‘A fusion of sounds’ and the Grammy Awards

‘A fusion of sounds’ and the Grammy Awards

The rush of being nominated for a Grammy Award must be sweet for any musician, regardless of whether he or she is just a participant in the act or album up for the prestigious distinction.

This is definitely the case for Eleni Arapoglou (, the 31-year-old Greek singer and musician. The New York-based artist is a member of the all-female vocal ensemble Rosa, which has lent its distinctive Balkan color to the title track “Ona” on the album of the same name by Croatian-American vocalist Thana Alexa, in the running for best jazz vocal album and improvised jazz solo at Sunday’s Grammy Awards.

For Arapoglou, the rush comes from a sense of achievement to be part of such a meaningful project, but also from the prospect of good things to come.

“We became very close with Thana Alexa while recording,” she tells Kathimerini. “The project is about female empowerment and in Croatian, ‘ona’ means ‘she’,” she says.

“Although we only appear in one song, when we heard about the nomination we felt it as a group achievement; we felt that we were a step closer to something of our own too” Arapoglou adds. 

Rosa is dedicated to exploring the traditional songs of Serbia and the Balkans and comprises a group of female vocalists who met at Berklee College of Music in Boston in the United States. It is not, however, Arapoglou’s only project.

Apart from Berklee, she also studied theater and dance at Tufts, runs workshops at Carnegie Hall and is a teaching artist for its program Lullaby Project, works with El Sistema Greece and has performed at such venues as Lincoln Center and the Park Avenue Armory.

She is also looking forward to releasing an album at the end of the year in collaboration with composer and pianist Jake Sherman. It does not have a title yet and, if Arapoglou had her way, it wouldn’t even have to be put in a specific style.

“Given my influences, I have come to terms with the fact that the album will not belong to a specific genre and this is something incredibly liberating,” the Greek artist says.

“Of course, it needs a genre title so that the album can be produced, sold and put up on iTunes, so if I had to, I would use the terms world music, jazz and souls,” Arapoglou says.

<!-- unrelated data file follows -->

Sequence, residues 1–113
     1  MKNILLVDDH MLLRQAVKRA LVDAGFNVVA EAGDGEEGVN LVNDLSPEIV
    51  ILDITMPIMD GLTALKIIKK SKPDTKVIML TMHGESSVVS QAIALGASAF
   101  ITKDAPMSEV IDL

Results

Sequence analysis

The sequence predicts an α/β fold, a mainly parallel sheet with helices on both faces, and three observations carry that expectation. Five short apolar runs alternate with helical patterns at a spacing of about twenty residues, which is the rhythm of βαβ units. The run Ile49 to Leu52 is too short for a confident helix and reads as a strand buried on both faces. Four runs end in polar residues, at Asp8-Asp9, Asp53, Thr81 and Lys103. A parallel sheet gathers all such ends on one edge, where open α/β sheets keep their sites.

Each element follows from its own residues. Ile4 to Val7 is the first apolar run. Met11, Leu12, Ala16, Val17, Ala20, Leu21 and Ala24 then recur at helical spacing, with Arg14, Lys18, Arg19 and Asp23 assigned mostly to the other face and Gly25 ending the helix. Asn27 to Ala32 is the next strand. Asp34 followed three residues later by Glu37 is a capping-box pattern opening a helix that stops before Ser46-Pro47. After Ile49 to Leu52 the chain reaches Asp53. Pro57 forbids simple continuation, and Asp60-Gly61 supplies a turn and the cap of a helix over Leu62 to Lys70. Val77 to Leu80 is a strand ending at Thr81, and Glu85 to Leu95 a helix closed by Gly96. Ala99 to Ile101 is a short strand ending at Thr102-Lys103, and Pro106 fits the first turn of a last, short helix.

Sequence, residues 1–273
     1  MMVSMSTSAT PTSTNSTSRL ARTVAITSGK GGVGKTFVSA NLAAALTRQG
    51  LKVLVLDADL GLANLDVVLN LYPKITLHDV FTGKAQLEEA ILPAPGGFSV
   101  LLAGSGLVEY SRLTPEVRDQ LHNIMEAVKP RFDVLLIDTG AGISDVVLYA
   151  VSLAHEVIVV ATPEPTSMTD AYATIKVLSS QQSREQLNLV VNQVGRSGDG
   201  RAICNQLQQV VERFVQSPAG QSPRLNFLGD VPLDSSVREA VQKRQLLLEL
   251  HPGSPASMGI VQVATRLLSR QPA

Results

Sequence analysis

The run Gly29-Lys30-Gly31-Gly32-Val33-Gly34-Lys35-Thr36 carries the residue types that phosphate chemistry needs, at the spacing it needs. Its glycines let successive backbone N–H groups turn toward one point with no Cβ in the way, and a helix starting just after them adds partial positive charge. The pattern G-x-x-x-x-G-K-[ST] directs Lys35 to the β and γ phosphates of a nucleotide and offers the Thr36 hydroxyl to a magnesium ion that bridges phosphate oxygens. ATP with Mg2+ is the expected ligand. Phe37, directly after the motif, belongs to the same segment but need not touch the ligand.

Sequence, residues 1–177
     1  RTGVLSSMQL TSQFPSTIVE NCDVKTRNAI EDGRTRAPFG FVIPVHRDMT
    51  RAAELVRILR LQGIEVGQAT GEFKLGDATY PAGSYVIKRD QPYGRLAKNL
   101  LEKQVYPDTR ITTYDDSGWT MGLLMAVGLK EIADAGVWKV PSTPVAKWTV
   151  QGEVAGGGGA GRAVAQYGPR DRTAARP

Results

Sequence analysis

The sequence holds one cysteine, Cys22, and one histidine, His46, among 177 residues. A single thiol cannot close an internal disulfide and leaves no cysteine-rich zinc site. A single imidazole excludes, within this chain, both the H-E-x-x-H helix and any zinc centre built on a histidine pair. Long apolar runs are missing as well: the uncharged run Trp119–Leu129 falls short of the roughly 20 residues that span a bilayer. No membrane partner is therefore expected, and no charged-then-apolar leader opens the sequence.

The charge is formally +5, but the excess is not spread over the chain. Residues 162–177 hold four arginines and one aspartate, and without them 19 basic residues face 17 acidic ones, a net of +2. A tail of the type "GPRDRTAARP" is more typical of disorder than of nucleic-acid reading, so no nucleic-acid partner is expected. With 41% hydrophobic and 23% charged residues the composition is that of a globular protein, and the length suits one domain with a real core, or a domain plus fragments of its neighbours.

“When you finish Berklee, there’s always a fear if you’re doing things right. No matter how much you learn in art, there’s a specific formula between right and wrong you still linger with after college. There can also be a clique, in jazz especially, which will question whether your music is interesting or complex enough. The point, though, is not to try and impress but to play and write songs that bring you joy and peace,” she adds.

Collaborations with Sony Music Mexico’s Leonel Garcia on the piece “Ella,” as well as her references to fados, flamenco, Argentinean and traditional Greek music, confirmed the mix that Arapoglou is after.

“With so many platforms offering music from all over the world so effortlessly, no wonder we all have a fusion of sounds inside us,” she says. “I see a lot of artists getting in touch with others individually, through social media and not at the initiative of the recording labels. So, what we get is a mishmash of many different art worlds.”

And as for that joy and peace mentioned earlier, Arapoglou gets that in ample quantities from her work with young mothers, refugees, homeless people, people with speech impediments or autism, etc.

“Helping a young person with a stutter or a mother trying to sing her baby to sleep makes you come out of yourself a bit,” she says. “Some of these projects are obviously a way to work, but I have decided that if there is somewhere I can help with my voice or my ideas, I will be there.”

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